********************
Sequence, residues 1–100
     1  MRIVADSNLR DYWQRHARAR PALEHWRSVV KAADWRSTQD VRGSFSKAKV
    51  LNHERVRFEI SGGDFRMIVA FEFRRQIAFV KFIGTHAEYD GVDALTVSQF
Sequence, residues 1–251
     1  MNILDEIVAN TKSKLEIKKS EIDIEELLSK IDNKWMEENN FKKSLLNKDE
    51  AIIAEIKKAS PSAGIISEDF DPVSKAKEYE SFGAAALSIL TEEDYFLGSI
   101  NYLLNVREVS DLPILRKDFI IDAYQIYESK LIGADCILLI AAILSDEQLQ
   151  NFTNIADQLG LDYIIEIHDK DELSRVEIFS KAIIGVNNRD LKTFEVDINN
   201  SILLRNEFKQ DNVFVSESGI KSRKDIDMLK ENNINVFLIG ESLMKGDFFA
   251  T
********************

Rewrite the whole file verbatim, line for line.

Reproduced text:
Sequence, residues 1–100
     1  MRIVADSNLR DYWQRHARAR PALEHWRSVV KAADWRSTQD VRGSFSKAKV
    51  LNHERVRFEI SGGDFRMIVA FEFRRQIAFV KFIGTHAEYD GVDALTVSQF
Sequence, residues 1–251
     1  MNILDEIVAN TKSKLEIKKS EIDIEELLSK IDNKWMEENN FKKSLLNKDE
    51  AIIAEIKKAS PSAGIISEDF DPVSKAKEYE SFGAAALSIL TEEDYFLGSI
   101  NYLLNVREVS DLPILRKDFI IDAYQIYESK LIGADCILLI AAILSDEQLQ
   151  NFTNIADQLG LDYIIEIHDK DELSRVEIFS KAIIGVNNRD LKTFEVDINN
   201  SILLRNEFKQ DNVFVSESGI KSRKDIDMLK ENNINVFLIG ESLMKGDFFA
   251  T